The state of Ohio may have legalized marijuana for medicinal uses, but that doesn’t mean physicians can prescribe it for any ailment they deem appropriate. There are limits the state has put into place with regards to what conditions can be treated with medical marijuana. These are known as “qualifying medical conditions.” It is important to know what marijuana can legally be prescribed for so as to not run afoul of the law.
A physician who is certified to prescribe medical marijuana may do so for the following conditions: Positive status for HIV, AIDS, Alzheimer’s disease, cancer, sickle cell anemia, epilepsy and seizure orders, Chron’s disease, inflammatory bowel disease, ulcerative colitis hepatitis C, glaucoma, spinal cord disease or injury, Parkinson’s disease, multiple sclerosis, amyotrophic lateral sclerosis, fibromyalgia, pain that is intractable or chronic and severe, traumatic brain injury, post-traumatic stress disorder and Tourette’s syndrome. As of right now, it is only lawful to prescribe medical marijuana for the treatment of these specific conditions.
However, this list may grow in the future. Per the Ohio Medical Board of Ohio, petitions for adding new medical conditions to this list can be submitted from November 1, 2018 to December 31, 2018. These petitions will be filed online. The Ohio Administrative Code contains details regarding how a person can file a petition and what types of supporting documentation must accompany the petition.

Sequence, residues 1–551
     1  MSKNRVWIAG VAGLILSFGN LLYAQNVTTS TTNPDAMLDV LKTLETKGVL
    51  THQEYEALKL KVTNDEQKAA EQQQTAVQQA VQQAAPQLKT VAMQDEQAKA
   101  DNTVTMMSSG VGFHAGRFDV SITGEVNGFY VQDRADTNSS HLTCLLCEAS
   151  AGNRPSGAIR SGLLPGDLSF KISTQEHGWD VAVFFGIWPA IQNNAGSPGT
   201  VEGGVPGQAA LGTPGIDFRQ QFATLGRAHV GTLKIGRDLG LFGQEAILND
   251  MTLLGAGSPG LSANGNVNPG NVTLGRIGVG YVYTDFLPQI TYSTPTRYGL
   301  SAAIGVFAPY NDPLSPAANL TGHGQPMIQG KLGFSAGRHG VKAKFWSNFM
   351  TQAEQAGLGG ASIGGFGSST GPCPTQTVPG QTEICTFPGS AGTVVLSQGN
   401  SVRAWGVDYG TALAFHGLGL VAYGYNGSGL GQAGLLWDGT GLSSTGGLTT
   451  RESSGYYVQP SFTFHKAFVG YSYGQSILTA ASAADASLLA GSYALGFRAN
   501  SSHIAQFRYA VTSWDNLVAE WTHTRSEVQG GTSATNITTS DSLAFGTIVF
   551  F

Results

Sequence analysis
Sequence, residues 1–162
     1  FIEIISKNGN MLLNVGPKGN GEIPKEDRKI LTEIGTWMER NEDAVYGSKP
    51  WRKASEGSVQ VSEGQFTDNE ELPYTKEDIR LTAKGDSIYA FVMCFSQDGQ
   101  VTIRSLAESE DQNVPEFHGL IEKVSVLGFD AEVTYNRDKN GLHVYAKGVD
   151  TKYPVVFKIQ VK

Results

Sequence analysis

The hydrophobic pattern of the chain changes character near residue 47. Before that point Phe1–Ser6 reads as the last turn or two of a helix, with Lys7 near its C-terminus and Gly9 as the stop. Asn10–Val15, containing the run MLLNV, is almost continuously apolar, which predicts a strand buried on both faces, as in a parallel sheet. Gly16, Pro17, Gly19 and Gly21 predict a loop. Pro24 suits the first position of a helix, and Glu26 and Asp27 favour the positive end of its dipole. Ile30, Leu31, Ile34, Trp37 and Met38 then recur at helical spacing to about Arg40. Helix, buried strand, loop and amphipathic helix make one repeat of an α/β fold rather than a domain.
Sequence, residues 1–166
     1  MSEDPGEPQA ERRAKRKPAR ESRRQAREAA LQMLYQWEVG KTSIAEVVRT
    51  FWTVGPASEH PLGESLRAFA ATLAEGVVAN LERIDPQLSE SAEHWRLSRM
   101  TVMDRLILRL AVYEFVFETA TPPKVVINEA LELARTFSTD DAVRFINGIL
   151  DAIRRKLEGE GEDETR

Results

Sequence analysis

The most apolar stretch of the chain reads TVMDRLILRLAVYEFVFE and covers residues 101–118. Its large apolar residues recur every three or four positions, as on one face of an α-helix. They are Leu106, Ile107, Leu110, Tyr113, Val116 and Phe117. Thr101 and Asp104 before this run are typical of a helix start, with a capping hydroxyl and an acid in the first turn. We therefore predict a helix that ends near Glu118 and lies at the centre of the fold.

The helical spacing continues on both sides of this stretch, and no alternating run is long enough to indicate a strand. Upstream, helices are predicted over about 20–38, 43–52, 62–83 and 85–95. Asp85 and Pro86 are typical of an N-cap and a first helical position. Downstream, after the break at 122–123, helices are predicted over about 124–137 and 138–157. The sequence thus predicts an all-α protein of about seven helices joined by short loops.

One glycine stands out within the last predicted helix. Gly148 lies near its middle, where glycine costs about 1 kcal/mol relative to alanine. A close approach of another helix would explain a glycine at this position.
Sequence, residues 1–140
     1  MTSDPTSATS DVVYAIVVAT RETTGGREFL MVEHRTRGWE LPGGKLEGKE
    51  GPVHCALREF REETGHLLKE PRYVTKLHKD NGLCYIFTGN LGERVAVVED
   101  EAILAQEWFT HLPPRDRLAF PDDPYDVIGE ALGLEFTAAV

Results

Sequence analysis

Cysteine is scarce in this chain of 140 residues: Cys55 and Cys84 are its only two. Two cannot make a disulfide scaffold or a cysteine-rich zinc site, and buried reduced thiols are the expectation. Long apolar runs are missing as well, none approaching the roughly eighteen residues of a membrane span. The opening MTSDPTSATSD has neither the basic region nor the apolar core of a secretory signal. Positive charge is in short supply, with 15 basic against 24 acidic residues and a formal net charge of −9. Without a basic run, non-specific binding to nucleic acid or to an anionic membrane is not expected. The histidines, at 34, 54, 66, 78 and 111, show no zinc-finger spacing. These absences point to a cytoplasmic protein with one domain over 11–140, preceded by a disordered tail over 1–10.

It is important for physicians and patients alike to understand what conditions can lawfully be treated with medical marijuana. Physicians must be certified to prescribe medical marijuana, which will be made available through licensed dispensaries. So, just as medical marijuana can only be prescribed for certain conditions, medical marijuana can only lawfully be obtained through certain entities. The laws and rules regarding medical marijuana in Ohio are still relatively new. Therefore, those who wish to learn more about medical marijuana laws in Ohio and how they will be implemented may want to seek legal guidance.